A sound mind is opposed to skepticism and so is true Christianity. A skeptic is one who is never satisfied with evidence and remains unbelieving though surrounded by the clear and palpable truth.

A Christian tries what is revealed by searching the Scriptures to see if these things be true and having found the truth delights in it, abides in it and does not sell it. The infidel displays the unsoundness of his mind to a glaring degree when he professes to believe that the world is here by accident: that it governs itself, regulates and preserves itself, that man is nothing but a refined animal, the soul a shade, Christ an imposter, the Bible full of fables and an after-life a dream.

The sound mind of the Christian appeals to the Word of God and on all these subjects takes God’s Word as his sure and unerring guide.

Sunday, February 26, 2006

Threescore and ten

Yesterday, we sang the following Watts' hymn, to the tune "Exit" by P. Sherman. The text is based on part of Psalm 90. The last two stanzas of the second verse drew some curiosity for his unusual wording.

"Death, like an overflowing stream,
Sweeps us away; our life's a dream,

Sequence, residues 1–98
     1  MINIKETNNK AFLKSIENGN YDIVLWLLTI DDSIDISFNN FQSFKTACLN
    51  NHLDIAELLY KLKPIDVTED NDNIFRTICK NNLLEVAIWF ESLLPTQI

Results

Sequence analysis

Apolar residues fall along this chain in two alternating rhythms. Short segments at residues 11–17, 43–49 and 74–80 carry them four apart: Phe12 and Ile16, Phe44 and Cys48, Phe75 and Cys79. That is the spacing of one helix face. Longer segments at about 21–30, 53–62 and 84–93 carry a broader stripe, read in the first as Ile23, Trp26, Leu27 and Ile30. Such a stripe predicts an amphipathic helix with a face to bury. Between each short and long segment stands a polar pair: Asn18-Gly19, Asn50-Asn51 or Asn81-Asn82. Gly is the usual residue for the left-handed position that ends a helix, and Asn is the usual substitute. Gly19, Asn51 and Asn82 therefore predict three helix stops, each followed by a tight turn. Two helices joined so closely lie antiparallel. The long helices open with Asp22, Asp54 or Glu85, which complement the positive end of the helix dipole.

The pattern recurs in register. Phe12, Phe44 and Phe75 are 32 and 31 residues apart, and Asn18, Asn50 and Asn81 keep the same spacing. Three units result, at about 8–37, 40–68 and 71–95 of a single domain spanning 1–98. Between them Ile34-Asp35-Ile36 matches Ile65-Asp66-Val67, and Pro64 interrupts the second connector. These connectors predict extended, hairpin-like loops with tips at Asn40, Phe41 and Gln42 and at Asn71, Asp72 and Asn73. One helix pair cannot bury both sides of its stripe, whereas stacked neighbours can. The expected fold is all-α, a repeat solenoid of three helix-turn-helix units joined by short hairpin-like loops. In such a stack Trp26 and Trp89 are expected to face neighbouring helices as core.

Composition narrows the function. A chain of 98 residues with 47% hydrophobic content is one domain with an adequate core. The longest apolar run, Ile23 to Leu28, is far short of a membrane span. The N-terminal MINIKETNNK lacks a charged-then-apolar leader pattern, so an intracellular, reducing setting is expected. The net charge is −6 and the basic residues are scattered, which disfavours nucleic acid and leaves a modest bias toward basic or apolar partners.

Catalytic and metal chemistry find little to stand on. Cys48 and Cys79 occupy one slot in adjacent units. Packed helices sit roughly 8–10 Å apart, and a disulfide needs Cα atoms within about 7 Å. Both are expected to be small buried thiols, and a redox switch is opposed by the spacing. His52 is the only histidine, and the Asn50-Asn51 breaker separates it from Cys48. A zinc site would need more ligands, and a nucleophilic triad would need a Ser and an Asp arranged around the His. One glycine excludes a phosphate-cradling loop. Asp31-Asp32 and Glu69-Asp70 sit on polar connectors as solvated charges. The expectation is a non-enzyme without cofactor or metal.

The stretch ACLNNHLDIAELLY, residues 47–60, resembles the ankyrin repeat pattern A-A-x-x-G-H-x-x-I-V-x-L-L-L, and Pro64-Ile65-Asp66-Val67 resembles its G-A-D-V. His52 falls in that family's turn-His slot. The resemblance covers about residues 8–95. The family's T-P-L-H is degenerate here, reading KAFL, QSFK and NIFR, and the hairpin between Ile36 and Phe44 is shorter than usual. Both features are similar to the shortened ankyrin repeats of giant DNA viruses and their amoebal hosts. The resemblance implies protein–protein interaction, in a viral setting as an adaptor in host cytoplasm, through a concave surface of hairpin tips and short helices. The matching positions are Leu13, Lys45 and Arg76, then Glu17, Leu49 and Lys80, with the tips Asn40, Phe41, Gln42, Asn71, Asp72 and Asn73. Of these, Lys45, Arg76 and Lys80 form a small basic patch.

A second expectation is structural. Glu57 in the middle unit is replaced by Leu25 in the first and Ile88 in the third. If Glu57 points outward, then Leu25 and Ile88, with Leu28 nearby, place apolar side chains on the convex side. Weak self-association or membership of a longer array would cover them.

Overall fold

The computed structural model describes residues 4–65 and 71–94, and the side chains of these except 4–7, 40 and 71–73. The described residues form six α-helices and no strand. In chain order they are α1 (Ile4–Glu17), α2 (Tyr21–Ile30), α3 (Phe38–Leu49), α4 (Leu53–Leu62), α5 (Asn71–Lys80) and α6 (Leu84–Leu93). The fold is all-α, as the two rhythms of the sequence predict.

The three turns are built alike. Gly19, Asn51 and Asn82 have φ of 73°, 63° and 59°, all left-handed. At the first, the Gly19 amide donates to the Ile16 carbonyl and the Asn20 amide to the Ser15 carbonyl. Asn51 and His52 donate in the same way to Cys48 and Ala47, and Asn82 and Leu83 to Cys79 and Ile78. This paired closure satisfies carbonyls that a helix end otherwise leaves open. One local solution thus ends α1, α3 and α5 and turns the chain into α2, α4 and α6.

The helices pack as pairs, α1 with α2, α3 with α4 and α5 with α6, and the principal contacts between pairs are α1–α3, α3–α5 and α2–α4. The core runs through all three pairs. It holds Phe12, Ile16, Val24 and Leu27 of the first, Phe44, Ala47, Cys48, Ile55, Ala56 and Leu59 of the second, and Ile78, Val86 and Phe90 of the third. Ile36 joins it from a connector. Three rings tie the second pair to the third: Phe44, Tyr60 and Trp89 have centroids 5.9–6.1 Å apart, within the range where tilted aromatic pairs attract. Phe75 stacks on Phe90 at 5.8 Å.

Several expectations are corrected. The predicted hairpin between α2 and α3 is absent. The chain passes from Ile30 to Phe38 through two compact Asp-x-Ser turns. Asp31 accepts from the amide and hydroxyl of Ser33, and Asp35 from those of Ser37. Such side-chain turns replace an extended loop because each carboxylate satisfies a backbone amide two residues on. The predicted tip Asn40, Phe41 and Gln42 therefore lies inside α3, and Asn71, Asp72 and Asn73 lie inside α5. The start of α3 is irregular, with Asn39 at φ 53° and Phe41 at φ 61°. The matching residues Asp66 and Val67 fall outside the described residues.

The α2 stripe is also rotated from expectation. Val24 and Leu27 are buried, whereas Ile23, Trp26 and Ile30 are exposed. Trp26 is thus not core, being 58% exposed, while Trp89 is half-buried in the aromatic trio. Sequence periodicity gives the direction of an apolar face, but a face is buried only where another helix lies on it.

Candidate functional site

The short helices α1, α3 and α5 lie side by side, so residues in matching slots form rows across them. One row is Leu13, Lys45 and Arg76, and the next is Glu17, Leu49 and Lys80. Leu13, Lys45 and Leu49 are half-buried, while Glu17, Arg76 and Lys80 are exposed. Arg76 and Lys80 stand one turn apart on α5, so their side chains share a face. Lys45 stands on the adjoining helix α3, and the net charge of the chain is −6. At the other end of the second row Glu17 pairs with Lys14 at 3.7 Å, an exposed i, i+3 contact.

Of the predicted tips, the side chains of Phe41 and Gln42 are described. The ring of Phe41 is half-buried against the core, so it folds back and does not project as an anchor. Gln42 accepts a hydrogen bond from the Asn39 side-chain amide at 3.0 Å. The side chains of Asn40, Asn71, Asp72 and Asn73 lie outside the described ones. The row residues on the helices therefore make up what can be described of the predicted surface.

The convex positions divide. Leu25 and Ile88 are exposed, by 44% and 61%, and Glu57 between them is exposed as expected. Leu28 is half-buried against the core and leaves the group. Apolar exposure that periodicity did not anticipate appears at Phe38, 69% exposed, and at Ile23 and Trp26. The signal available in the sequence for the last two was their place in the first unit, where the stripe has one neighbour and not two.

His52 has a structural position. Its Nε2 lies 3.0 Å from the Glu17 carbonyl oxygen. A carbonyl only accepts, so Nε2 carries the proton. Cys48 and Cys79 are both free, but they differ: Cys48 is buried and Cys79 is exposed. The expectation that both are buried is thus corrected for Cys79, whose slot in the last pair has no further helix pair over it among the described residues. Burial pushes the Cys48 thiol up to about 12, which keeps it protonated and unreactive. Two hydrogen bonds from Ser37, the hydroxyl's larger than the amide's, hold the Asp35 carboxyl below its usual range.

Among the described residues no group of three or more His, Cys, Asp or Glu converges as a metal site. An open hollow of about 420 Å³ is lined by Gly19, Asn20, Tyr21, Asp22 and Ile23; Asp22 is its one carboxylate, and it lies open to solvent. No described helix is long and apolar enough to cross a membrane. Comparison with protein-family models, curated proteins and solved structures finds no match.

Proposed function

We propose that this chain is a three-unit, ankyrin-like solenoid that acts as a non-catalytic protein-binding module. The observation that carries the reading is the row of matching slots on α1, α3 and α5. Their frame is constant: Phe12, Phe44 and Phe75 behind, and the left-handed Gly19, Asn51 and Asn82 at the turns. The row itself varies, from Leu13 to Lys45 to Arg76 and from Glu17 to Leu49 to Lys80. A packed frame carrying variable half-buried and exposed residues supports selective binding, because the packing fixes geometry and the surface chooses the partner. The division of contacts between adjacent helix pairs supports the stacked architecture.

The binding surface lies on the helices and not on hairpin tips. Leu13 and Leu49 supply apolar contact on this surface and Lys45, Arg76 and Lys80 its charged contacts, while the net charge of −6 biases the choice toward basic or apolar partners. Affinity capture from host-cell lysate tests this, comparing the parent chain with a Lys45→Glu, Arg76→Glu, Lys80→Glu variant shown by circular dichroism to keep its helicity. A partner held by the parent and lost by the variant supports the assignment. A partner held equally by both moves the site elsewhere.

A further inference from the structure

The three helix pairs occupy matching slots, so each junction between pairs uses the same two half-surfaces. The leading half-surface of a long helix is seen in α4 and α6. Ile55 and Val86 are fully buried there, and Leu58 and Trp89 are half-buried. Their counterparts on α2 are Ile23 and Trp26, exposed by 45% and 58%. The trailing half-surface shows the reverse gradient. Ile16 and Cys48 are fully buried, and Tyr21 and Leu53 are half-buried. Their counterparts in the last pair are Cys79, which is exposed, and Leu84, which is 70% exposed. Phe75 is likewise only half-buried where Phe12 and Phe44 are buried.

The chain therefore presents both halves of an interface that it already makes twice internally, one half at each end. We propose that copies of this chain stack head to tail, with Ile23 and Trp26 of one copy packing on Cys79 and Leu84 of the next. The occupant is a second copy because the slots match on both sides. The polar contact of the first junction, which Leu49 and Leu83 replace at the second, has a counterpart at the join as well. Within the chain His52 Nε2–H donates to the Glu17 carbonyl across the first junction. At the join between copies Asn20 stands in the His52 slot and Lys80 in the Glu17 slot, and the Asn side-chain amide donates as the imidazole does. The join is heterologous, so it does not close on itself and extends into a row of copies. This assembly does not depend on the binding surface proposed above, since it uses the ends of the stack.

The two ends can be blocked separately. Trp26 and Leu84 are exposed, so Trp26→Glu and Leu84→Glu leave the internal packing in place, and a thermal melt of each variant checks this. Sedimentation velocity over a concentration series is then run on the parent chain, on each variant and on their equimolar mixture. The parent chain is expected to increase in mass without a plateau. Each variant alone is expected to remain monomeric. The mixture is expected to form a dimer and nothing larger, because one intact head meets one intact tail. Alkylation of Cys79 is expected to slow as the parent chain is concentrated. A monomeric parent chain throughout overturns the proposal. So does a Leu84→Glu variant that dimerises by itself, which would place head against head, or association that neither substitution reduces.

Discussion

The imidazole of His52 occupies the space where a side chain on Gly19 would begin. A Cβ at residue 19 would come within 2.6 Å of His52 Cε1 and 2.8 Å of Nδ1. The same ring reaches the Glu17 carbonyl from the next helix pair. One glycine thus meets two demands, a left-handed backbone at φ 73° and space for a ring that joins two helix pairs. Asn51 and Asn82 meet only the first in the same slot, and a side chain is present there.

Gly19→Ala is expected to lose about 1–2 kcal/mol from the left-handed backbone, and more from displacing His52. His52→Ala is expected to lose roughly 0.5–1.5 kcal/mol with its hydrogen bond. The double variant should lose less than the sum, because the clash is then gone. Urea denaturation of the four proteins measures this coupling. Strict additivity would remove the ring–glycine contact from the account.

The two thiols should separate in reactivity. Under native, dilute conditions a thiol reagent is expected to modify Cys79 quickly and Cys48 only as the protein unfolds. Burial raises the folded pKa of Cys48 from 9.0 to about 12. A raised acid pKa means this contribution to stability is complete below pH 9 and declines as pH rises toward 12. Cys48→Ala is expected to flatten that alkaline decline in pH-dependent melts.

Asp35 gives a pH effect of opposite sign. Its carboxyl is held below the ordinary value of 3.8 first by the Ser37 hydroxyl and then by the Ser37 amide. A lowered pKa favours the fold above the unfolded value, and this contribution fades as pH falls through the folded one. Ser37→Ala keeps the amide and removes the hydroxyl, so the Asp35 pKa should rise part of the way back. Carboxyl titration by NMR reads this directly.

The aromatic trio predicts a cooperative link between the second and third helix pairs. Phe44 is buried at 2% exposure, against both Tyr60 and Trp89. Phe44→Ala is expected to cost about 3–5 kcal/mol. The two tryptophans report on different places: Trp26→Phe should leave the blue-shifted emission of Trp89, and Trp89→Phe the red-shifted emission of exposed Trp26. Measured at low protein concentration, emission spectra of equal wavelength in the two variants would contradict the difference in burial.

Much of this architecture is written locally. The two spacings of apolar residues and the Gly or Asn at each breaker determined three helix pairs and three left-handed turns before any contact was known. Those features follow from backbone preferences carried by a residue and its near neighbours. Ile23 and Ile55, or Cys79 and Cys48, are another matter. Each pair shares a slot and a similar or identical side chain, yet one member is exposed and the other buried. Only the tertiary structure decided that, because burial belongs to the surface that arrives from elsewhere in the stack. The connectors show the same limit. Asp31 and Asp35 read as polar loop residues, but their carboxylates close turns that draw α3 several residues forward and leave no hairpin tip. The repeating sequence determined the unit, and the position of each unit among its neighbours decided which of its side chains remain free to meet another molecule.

An empty tale, a morning flower,
Cut down and withered in an hour.

Our age to seventy years is set;
How short the time! how frail the state.
And if to eighty we arrive,
We rather sigh and groan that live."
-- Isaac Watts, Psalm 90, pt. 1

Thursday, February 23, 2006

Texas State Sacred Harp Convention -- 2006

14th Annual Texas State Convention

Saturday February 25th
Sunday February 26th

Wellborn Community Center, 4119 Greens Prairie Rd. W., College Station, Texas

More info: Kevin Powell
Book: 1991 Revision

Singing begins at 10 a.m. on Saturday and 9:30 a.m. on Sunday

Lunch will be provided.

Wednesday, February 22, 2006


"Who gave Himself for us, that He might redeem us from all iniquity." Titus 2:14

Sins of heart. Sins of lip. Sins of life. There are five things as regards sin, from which our blessed Lord came to redeem us—its guilt, its filth, its power, its love, its practice. By His death, He redeemed us from sin's guilt. By the washing of regeneration, He delivers us from sin's filth. By the power of His resurrection, He liberates us from sin's dominion. By revealing His beauty, He frees us from sin's love. By making the conscience tender in His fear, He preserves us from sin's practice. The blood of Jesus purifies us from all sin.

Riches of J.C. Philpot – 1802-1869